Finally there came an agreement on uniform laws. The resistance of the central German states to the extension of imperial competency to the material civil law was overcome, but the civil code is still in the making, while the penal code, criminal and civil procedural law, trade laws, the regulations concerning insolvency and the judicial system have been unified everywhere. The abolition of the motley formal and material legal standards in force in the small states was in itself an urgent requirement for ongoing bourgeois development, and this abolition is the chief merit of the new laws — a far greater one than their content.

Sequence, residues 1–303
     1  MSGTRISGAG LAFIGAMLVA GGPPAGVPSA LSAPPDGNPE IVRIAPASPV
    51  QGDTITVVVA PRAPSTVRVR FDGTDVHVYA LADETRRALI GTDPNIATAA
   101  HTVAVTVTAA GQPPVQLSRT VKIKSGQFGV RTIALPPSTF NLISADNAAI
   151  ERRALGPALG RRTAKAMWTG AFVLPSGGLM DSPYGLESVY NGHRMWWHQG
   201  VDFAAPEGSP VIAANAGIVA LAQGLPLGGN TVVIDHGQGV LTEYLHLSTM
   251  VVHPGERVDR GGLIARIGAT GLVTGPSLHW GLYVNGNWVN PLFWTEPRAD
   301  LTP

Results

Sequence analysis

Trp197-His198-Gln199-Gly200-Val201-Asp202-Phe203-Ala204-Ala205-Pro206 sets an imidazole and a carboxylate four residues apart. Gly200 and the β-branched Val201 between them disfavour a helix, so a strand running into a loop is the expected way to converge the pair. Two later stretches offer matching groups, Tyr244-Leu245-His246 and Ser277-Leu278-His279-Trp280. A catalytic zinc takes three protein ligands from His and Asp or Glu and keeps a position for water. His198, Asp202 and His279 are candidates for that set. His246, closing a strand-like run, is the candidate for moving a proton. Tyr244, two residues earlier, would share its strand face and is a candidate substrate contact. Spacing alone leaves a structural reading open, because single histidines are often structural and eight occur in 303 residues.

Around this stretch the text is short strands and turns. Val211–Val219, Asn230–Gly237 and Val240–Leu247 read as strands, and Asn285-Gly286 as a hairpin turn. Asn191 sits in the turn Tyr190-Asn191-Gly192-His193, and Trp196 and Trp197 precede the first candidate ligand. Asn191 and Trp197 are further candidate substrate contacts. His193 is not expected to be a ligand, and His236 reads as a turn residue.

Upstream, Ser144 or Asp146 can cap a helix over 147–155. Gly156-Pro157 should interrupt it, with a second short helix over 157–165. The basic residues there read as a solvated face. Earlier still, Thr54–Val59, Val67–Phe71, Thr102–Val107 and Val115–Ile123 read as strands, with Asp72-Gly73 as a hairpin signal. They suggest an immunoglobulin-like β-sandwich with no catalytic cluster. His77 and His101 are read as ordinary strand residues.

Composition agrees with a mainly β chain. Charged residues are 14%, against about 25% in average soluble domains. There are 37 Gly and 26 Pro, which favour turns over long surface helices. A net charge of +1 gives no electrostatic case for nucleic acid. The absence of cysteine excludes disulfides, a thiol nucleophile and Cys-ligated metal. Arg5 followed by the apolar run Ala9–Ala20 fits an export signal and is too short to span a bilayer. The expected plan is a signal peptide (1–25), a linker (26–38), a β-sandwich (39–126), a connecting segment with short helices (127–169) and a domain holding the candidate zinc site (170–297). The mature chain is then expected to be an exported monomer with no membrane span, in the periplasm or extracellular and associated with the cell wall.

The English jurist relies on a legal heritage that has preserved a good part of the old German freedoms through the Middle Ages, that does not know the police state, which was nipped in the bud by the two revolutions of the 17th century and has attained its apex in two centuries of uninterrupted development of civic freedom. The French jurist relies on the Great Revolution, which, after the total destruction of feudalism and absolutist police tyranny, translated the economic conditions of life in the newly created modern society into the language of legal standards in the classical code of law proclaimed by Napoleon. But on what legal basis do our German jurists rely? Nothing but the several-century-long process of disintegration of medieval survivals, a passive process mostly spurred on by blows from the outside, and not complete to this day; an economically backward society, which the feudal Junker and the guild master haunt as ghosts looking for a new body; a legal order in which police tyranny — even though the arbitrary justice of the princes disappeared in 1848 — is daily tearing new holes. The fathers of the new imperial legal codes have come from this worst of all bad schools, and their work is quite in keeping with it. Apart from the purely legal aspect, political freedom has fared pretty badly in these codes of law. If the Schöffen courts provide the bourgeoisie and petty bourgeoisie with a means of collaborating in repressing the working class, the state insures itself as much as possible against the danger of renewed bourgeois opposition by curtailing the rights of the jury. The political paragraphs of the penal code are frequently enough as vague and elastic as if they were made to measure for the present imperial court, and the latter for them. That the new legal codes are a step forward in comparison with Prussian common law — today even Stoecker would be unable to concoct something as horrible as that code, even if he were to allow himself to be cut back. But the provinces which had until now lived under French law feel very acutely the difference between the blurred copy and the classic original. It was the defection of the National Liberals from their programme that made possible this strengthening of state power at the expense of civic freedoms, this first actual retrogression.